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Mills administration lifts universal mask recommendation in schools

Seventh grader Reilly Sullivan works on her computer at the Bruce M. Whittier Middle School, Friday, Jan. 29, 2021, in Poland, Maine.
Robert F. Bukaty
AP file
Seventh grader Reilly Sullivan works on her computer at the Bruce M. Whittier Middle School, Friday, Jan. 29, 2021, in Poland, Maine.

The Mills administration is lifting its universal masking recommendation in schools and child care centers beginning on March 9.

In a release on Wednesday, officials said that the change comes during a "new phase" of the pandemic, with vaccines and therapeutics widely available. The Maine CDC says the change is dependent on factors such as COVID-19 hospitalization numbers staying at a relatively lower level.

Several schools have already made masking optional in recent weeks. And Eileen King, the executive director of the Maine School Superintendents Association, says the latest guidance will help other districts with their own decisions.

"I think that gave them the green light to go ahead and move forward," she says.

While state officials say that institutions can still choose to mandate masks, King says she expects the vast majority of districts to go mask-optional.

"Now, we were also reminded that should the data turn in a different direction, we may have to pivot. So if there are increased cases in schools, we may have to pivot back to masking. But I think everyone's looking forward to seeing the smile on children's faces," she says.

The state still recommends masks for students returning from a five-day quarantine.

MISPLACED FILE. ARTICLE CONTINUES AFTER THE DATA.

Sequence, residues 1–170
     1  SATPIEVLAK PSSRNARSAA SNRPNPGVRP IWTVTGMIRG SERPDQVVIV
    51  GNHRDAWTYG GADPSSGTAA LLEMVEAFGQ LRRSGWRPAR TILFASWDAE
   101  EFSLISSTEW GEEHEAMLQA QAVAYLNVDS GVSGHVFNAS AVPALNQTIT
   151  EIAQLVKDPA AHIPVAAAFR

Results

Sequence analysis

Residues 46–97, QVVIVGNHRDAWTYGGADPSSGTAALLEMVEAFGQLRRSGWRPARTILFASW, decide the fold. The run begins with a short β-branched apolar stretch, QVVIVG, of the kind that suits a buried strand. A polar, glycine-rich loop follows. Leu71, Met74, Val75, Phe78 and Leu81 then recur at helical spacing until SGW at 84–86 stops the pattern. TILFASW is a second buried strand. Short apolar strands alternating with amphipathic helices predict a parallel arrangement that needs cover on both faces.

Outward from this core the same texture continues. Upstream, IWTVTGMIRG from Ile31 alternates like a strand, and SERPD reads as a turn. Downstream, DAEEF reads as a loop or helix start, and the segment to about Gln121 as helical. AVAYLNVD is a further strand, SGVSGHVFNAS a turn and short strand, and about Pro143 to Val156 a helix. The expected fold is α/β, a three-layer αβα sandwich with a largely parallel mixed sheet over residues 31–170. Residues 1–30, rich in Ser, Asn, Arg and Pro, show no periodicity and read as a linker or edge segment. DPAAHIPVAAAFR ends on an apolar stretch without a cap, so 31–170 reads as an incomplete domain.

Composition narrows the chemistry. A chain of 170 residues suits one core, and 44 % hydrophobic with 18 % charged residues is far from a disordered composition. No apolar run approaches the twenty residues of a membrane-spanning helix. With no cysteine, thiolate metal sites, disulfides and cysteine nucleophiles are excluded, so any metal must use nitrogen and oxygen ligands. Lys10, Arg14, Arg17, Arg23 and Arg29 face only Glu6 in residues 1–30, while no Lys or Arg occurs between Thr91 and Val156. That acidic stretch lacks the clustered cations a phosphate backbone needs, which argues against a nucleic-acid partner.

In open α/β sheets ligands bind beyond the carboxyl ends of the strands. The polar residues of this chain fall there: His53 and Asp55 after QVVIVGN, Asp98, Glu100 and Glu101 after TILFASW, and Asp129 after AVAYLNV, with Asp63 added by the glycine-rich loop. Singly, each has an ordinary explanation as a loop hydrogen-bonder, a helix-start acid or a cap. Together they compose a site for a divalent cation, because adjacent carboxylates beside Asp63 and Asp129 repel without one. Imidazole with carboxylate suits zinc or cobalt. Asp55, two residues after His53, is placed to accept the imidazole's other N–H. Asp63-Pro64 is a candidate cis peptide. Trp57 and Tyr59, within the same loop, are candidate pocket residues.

Maine's decision follows a change in federal CDC guidance last week. The recommendation is that masks be worn indoors — including in schools — in counties with high levels of transmission. That is the case for much of Maine, except for Kennebec, Somerset and Waldo Counties.

The Maine CDC says the new federal guidance should be used as just one piece of information in deciding mask policies.

Grace Leavitt, the head of the Maine Education Association, which represents teachers, says some are concerned that it may be too soon in the pandemic to eliminate mask mandates.

"This is all dependent upon what the local conditions are. So we are encouraging educator voices to be part of those discussions as school boards are making their decisions," she says.

School officials say they plan to continue "pooled testing" programs to screen for the virus within classrooms.

Meanwhile, Carrie Woodcock, the executive director of the Maine Parent Federation, says that while many parents will likely celebrate the new recommendation, other families could be placed in tricky situations. Her organization represents families of children who are immunocompromised and more at risk for the disease. Those students can still wear masks, but she says the new guidance presents new challenges for them.

"It's scary for that one family, and that one individual. It's our job to represent all families. So we get that, and we understand that. It's an unknown, what's going to happen," she says.

The Maine CDC still recommends universal masking in congregate living settings and medical and long-term care facilities. And the agency says its guidance could change if a new variant or surge hits the state.